April 30, 2014


Diane M. Fremgen

Clerk of Court of Appeals







This opinion is subject to further editing.  If published, the official version will appear in the bound volume of the Official Reports. 


A party may file with the Supreme Court a petition to review an adverse decision by the Court of Appeals.  See Wis. Stat. § 808.10 and Rule 809.62. 





Appeal No. 


Cir. Ct. Nos.  2012TR14126   











County of Fond du Lac,






Douglas L. Bethke,







            APPEAL from judgments of the circuit court for Fond du Lac County:  Peter l. grimm, Judge.  Affirmed. 

1        BROWN, C.J.[1]     Douglas Bethke appeals from his convictions for operating a vehicle while intoxicated and with a prohibited alcohol concentration. Bethke claims that there is no evidence that a “medical technologist” or a “person acting under the direction of a physician,” per Wis. Stat. § 343.305(5)(b), performed the blood draw that helped establish he was driving while impaired by a prohibited blood alcohol level.  Bethke also claims that the circuit court erred in excluding evidence of lab errors by the state lab that happened years before Bethke’s blood sample was tested.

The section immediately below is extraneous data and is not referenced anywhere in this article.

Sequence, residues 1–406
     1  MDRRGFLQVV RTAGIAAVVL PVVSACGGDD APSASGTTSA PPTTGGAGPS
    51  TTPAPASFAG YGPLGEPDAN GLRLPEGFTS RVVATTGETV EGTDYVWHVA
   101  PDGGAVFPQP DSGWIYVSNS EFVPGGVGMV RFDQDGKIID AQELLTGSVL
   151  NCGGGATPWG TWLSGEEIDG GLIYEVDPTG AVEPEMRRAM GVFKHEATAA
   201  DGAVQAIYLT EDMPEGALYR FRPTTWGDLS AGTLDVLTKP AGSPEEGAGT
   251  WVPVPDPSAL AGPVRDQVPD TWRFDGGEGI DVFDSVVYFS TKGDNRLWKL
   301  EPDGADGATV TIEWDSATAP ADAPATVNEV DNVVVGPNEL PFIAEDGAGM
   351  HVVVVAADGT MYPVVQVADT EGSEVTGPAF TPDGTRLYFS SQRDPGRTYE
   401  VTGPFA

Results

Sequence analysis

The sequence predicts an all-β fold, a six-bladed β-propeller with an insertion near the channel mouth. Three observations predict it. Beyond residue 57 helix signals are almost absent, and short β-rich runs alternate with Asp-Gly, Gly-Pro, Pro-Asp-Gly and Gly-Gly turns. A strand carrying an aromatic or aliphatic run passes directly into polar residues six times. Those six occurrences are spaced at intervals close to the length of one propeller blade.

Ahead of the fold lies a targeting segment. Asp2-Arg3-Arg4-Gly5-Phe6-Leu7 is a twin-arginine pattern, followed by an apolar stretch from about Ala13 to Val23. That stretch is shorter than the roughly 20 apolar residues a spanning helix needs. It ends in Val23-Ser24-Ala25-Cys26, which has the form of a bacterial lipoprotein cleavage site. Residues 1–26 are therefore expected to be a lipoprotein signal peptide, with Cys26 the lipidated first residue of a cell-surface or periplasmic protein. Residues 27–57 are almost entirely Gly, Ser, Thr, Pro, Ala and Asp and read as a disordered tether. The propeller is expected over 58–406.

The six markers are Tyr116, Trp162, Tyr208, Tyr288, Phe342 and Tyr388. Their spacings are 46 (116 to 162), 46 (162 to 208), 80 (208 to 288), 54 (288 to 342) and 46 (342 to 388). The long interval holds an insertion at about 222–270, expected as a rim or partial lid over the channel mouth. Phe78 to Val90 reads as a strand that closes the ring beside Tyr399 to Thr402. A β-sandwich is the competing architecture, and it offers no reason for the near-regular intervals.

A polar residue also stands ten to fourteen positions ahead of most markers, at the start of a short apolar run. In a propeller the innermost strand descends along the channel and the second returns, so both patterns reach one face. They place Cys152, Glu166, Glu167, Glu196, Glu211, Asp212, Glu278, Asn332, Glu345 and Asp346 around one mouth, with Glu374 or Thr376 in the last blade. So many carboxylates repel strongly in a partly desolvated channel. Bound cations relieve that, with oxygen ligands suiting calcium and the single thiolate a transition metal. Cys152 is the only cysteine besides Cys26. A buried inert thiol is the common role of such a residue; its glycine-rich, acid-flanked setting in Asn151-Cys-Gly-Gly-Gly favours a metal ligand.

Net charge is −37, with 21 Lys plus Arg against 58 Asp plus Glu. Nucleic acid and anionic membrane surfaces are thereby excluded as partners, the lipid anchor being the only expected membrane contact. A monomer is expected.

2        The record shows that the person who drew Bethke’s blood was a “medical technologist.”  And the circuit court did not erroneously exercise its discretion, nor violate Bethke’s constitutional rights, when it excluded evidence of particular lab errors that happened years before Bethke’s blood sample was analyzed.  We affirm.

3        A sheriff’s deputy pulled Bethke over for speeding just after 1 a.m. on December 15, 2012.[2]  Bethke’s speech was slurred and he smelled like intoxicants, so the deputy asked whether he had been drinking.  Bethke initially admitted having had “a few” drinks, first claiming three drinks and at some point later in the interaction with the deputy admitting to something more like six drinks during the evening.  The deputy asked Bethke to perform field sobriety tests.  Bethke’s performance on each test indicated impairment which, together with the rest of his interactions with Bethke, led the deputy to conclude Bethke had been operating his vehicle while impaired by intoxicants.  The deputy arrested Bethke for that offense.